There’s reminder plastered on the Utah Summer Games website: “Utahns don’t need a reminder that every year is supposed to be better than the year before.”
36-year-old Matthew Kinder is no different. He received a bronze medal in arm wrestling this year and has already set his sights on obtaining gold in 2015.
“I’m planning on doing this again and I want to take gold next year,” he said.
This year was Kinder’s first competing in the 24-year-old Utah Summer Games, an event host to over 30 different sporting competitions, many of which have age brackets from youth to adult.
Kinder is not a professional athlete. He works at the Tooele Army Depot full time. He began like most other boys, wrestling with his two brothers and playing other sports like baseball. It wasn’t until he joined the military that the competition got serious; even then it was just for fun.
“Overseas we would have the have the Italian Navy guys come over and want to arm wrestle. So we would arm wrestle them for bragging rights.”
Sometimes they would make bets, but it usually wasn’t anything serious for Kinder until this year.
“I always wanted to see how I would be against people who actually train for this sport,” he said.
It was a different experience for him because he wasn’t used to wrestling in an arena set up especially for arm wrestling with official rules and regulation tables.
“I’ve never actually been in a set up where they’ve had actual tables and referees,” he said.
It wasn’t hard for him to wrestle his buddies in an informal setting. That’s why he wanted to join the Utah Summer Games, to really test his skills.
“It didn’t prove anything wrestling my friends,” Kinder said.
This actually showed me how I needed to train more.”
Training includes more exercises for the forearm and wrist muscles than for the biceps, like most unskilled wrestlers seem to think.
“I think most guys think if you have big arms you can arm wrestle somebody, but that’s not true. You have to get your forearms and wrists a lot stronger,” he said.
Kinder points out lever lifts and towel pull ups as some of the main exercises he uses to keep in shape for arm wrestling.
“Towel pull ups are where you throw a towel over the bar and use more of your wrists to lift yourself,” he said.
As well as specific exercises that prepare him for a match, there are certain techniques and strategies that he employs as well.
“There are a lot of strategies, like turning your opponent’s wrist in or pulling someone forward and then down. You can beat somebody purely by knowing how to do that,” he said.
He’s not like some competitors who try psychological strategies.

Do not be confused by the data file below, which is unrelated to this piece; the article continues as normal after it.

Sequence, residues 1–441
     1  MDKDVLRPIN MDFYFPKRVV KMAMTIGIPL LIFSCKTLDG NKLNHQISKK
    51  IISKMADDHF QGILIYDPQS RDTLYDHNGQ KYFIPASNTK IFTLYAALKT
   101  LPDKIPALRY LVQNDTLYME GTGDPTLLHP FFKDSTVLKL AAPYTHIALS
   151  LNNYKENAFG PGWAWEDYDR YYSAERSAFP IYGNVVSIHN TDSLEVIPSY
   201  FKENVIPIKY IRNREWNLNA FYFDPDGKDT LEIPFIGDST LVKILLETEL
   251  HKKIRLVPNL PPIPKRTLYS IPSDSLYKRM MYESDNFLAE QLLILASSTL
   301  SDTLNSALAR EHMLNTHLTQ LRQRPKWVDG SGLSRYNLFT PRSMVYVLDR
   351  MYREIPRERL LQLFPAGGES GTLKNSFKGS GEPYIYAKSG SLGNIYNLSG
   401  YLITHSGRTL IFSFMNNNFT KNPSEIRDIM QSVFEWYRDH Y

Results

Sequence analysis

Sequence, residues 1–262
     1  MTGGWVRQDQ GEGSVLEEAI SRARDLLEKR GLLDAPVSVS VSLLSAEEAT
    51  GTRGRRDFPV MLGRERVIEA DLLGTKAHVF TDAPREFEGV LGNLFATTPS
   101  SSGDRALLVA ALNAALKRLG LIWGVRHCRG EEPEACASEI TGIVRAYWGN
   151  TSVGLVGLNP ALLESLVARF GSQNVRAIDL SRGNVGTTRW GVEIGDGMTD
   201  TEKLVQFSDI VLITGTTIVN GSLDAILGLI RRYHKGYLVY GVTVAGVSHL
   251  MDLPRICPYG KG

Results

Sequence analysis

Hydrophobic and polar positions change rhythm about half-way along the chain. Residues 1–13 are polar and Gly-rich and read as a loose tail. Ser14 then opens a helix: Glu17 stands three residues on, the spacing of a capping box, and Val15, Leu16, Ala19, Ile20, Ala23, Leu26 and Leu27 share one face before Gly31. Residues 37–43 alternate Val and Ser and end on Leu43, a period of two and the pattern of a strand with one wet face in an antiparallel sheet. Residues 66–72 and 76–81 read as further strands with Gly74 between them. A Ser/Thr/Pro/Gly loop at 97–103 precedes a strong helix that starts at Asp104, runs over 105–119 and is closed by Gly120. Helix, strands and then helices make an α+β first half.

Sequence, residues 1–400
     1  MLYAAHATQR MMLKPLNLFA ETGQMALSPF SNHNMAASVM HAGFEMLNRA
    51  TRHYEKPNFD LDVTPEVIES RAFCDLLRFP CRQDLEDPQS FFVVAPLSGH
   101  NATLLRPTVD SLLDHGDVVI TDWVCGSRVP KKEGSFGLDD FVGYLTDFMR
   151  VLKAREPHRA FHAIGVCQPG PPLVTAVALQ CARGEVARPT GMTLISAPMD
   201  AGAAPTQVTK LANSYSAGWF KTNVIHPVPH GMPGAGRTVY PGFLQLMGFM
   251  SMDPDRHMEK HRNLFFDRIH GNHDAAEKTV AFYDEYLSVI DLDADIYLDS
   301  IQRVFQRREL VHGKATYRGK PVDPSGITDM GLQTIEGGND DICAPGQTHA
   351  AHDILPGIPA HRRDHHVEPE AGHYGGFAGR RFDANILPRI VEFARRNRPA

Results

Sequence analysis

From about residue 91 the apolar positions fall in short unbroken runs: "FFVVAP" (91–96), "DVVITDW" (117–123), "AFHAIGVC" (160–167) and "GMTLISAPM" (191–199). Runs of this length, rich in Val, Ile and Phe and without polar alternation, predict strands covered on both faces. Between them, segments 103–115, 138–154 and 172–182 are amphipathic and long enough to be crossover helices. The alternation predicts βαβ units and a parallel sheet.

“I don’t try to stare them down. I’m more relaxed and just focus on what I’m doing,” he said.
He figures he will find out soon enough if his competitor is a worthy opponent.
“To me, you’re either good or you’re not,” he said. “You’ll find out real quick when you get on the table.”
Being that this was his first year competing in the Utah Summer Games, he wasn’t sure how well he would do.
“Of course I wanted gold, but I was pretty surprised at how well I did against these guys,” he said. “They were pretty strong.”
Because of his experience this year, he is building a to-spec table in his garage. He also plans on entering his two young boys next year in their age divisions.
In the Utah Summer games, the kids brackets were held before the adults and Kinder found joy in watching it.
“I’d like to do coaching if there was more of a place to do it. I’m definitely going to teach my kids” he said.
He would also love to be able to teach his boys and other children how to arm wrestle for the self-confidence it brings.
“I didn’t know they had it this year, so I’d like to get them into it. They would both like to do it,” he said.
Because arm wrestling doesn’t have the national exposure of some other more popular sports, there were brackets at the Utah Summer Games that went unfilled. Kinder thinks this is because it is a little-publicized sport.
“It’s a sport that just hasn’t been as exposed as most, I think,” he said.
There are professionals who make a living in the competition circuit. One of Kinder’s favorite shows is “Game of Arms” on the AMC network.
“These are professional athletes that go out and do it every day so it exposed arm wrestling more,” he said.
One day, if money and time permits, he would love to join the Ultimate Arm Wrestling League. The prizes for this league can be tens of thousands of dollars or new cars.
“I’d love to go into that. It’s its own league of just arm wrestlers. I would have to travel quite a bit, but you can win a lot of money,” he said.
In order to prepare for next year, he takes advice from others who are more experienced than he is.
“That’s how I’ve learned my whole life. I let other people show me what they do,” he said.
Arm wrestling is a type of sport where at the table it’s a fierce competition, but when the match is over, the competitors are friendly and share stories and pat each other on the back.
“It’s competitive at the table. You get up there and arm wrestle someone. Then when it’s over you shake hands and walk away,” he said.
To better prepare for next year’s competition, Kinder has been keeping in touch via email with the referees and coordinators for the Utah Summer Games he met this year. They continue to give him advice and send him information on techniques and exercises for training.
“The coordinator of the games for arm wrestling sends me workouts and advice so I’ll keep in touch with him,” he said.
This year Kinder went to the Utah Summer Games to see how he compared to professional athletes who trained to compete in arm wrestling. Next year, like the motto of the Utah Summer Games said, he will be better than the year before. He will be prepared to win the gold.
“I’ll train harder. I think that’s what it’s gonna take for me to be better and win next year,” he said.